We recycle glass, plastics and paper. But, science hasn't yet figured out a cost-effective to recycle the wrappers used to keep your favorite energy bar fresh.
"Wrappers have metals, they have plastics fused into each other - to create the lightest type of packaging, which is really the best thing to do, except that makes it not recyclable," said Tom Szaky, Terracycle CEO.
Twenty-six-year-old Princeton drop-out Tom Szaky runs a fast growing New Jersey start-up called Terracycle. They're teaming up with the Bay Area's own Clif Bar to find a way to reuse these wrappers.
"A good way to get our wrappers out of the landfill is to turn them into something else, to upcycle them," said Szaky.
What's the difference between recycling and upcycling? In recycling you melt or break the product down then recast or mold it into something new. In upcycling, you take the product as is and - in this case - weave it into something new - like a tote bag. And it doesn't stop there.
"From spiral bound notebooks for kids, or backpacks or all sorts of thing," said Szaky.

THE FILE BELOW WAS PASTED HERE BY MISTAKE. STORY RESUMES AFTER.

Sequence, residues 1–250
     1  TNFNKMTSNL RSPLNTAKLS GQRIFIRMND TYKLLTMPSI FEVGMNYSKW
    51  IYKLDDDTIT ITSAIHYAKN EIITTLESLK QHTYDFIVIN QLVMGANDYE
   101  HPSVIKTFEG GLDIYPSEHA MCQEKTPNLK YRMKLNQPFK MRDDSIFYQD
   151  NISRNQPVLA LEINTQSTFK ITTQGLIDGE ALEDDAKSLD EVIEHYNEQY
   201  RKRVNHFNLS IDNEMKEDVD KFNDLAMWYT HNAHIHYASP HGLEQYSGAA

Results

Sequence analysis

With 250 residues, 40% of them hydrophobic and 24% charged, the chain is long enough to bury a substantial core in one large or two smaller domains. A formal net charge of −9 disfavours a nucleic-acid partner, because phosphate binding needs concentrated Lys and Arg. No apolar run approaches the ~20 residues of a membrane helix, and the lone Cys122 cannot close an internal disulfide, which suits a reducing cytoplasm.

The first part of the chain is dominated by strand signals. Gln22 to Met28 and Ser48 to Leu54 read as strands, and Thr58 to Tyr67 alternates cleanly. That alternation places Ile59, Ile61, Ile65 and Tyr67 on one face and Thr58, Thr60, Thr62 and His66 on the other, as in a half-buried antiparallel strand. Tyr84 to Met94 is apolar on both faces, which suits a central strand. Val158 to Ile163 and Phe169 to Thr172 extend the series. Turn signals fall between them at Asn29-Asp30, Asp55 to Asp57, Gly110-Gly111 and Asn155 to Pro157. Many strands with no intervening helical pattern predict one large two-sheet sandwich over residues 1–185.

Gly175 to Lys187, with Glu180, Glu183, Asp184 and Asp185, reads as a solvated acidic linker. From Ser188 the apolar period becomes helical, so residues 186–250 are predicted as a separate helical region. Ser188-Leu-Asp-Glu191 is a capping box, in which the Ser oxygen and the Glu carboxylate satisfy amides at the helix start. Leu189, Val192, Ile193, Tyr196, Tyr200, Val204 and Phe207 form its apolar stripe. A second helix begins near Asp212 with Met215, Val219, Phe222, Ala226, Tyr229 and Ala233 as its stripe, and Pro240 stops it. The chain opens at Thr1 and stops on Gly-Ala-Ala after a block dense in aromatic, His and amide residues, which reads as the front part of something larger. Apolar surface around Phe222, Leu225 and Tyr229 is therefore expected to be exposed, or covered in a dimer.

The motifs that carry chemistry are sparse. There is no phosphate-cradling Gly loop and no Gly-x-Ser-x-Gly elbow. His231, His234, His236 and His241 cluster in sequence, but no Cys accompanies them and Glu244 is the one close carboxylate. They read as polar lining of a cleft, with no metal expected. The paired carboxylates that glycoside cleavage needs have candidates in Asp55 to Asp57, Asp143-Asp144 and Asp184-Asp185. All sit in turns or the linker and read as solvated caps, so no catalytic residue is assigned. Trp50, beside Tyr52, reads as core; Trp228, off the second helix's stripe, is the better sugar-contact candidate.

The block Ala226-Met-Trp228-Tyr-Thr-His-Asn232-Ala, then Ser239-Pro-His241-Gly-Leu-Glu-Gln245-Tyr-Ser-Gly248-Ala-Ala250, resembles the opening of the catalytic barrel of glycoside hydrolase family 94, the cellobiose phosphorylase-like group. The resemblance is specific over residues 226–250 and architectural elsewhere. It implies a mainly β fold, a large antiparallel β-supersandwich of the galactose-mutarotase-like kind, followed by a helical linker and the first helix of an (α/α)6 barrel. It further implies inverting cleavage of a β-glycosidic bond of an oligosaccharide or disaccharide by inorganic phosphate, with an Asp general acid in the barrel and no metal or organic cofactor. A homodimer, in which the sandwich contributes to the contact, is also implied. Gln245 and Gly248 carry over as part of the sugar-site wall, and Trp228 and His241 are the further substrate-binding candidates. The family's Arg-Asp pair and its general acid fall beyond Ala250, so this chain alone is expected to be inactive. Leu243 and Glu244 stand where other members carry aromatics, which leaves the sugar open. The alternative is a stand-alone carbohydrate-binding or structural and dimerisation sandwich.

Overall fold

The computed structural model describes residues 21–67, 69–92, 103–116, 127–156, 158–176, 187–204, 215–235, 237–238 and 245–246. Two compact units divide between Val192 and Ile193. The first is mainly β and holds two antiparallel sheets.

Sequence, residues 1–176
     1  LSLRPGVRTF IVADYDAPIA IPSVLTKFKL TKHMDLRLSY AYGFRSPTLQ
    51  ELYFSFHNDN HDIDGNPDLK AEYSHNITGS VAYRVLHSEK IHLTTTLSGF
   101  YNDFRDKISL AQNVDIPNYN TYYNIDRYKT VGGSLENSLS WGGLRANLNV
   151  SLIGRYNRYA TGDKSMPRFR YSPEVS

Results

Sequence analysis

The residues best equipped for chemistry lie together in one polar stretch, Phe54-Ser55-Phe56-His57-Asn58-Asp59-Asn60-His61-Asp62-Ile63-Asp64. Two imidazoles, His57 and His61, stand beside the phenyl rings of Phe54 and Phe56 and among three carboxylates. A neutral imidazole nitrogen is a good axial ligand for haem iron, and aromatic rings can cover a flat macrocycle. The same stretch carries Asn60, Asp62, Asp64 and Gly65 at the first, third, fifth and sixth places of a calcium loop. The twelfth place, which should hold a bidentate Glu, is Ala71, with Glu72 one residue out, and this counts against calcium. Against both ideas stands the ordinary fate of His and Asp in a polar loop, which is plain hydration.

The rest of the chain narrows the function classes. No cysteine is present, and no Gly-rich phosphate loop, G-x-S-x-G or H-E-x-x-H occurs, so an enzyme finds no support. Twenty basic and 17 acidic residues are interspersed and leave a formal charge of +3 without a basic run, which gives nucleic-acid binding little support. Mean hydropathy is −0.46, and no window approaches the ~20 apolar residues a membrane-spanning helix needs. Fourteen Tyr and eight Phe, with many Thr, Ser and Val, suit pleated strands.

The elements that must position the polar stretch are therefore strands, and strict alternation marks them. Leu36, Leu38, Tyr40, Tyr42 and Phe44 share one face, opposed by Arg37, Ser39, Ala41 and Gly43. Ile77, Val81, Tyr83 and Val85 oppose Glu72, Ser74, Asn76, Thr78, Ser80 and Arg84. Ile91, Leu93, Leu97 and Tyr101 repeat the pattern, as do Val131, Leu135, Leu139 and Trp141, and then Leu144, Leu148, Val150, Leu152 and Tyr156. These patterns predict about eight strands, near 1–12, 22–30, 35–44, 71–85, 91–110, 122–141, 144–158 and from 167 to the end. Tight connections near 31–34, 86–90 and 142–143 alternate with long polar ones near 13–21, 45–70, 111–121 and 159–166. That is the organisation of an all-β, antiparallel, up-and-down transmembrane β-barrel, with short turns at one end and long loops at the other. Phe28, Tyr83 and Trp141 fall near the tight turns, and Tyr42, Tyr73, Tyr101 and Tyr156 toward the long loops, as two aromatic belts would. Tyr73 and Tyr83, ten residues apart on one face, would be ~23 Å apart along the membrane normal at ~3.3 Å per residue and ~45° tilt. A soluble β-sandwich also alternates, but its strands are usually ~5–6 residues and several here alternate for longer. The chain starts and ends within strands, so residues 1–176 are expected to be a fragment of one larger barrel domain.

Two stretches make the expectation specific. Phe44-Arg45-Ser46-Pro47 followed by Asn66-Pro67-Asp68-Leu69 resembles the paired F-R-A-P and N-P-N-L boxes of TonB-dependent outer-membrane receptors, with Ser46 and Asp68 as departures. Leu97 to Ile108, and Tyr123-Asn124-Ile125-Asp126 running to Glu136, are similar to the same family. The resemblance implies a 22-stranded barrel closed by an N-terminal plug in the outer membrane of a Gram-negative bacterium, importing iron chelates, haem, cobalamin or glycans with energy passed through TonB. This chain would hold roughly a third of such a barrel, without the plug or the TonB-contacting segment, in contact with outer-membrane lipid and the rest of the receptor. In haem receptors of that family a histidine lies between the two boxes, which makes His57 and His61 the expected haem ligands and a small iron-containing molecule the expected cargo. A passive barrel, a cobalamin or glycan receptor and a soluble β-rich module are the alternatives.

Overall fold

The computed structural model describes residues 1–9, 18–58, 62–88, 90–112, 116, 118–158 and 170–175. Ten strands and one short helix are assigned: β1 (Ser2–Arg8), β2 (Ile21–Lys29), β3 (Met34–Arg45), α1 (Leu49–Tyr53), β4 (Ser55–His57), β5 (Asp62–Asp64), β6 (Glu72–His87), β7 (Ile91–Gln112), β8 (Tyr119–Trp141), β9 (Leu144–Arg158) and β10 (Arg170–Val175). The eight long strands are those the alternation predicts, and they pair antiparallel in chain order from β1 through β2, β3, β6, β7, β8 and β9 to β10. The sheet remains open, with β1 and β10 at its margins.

Szaky's company will do the upcycling. But, Berkeley based Clif Bar is literally putting in its' own two cents. The company will donate two pennies for each wrapper to the non-profit of the saver's choice. They'll even send you an envelope and pay the postage.
"You fill it with all the wrappers you can, two hundred or more if you can stuff more in, and then when it's full you send it in to Terracycle," said Diana Simmons, Clif Bar.
That exactly what Shira Gallagher plans to do; she's a therapist with Bay Area youth centers -- a Hayward non-profit that runs group homes and provides independent living skills for at risk teens. She's counting on the money to help their programs.
"Yes, we are a fledgling non-profit in a system that continues to suffer from budget cuts; our budget does not keep up with inflation," said Gallagher.
"Right now we have over 800 participating collections locations, individuals or groups and over 200 charitable organizations are benefiting," said Simmons.
Clif Bar says so far, 300,000 wrappers have been collected. They expect products including tote bags and noteboks to hit store shelves at big retailers including Target and Wal-Mart this fall.